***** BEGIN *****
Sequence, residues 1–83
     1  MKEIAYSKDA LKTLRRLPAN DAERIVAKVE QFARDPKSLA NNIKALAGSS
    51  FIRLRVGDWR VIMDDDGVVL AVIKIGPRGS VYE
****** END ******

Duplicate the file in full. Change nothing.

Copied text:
Sequence, residues 1–83
     1  MKEIAYSKDA LKTLRRLPAN DAERIVAKVE QFARDPKSLA NNIKALAGSS
    51  FIRLRVGDWR VIMDDDGVVL AVIKIGPRGS VYE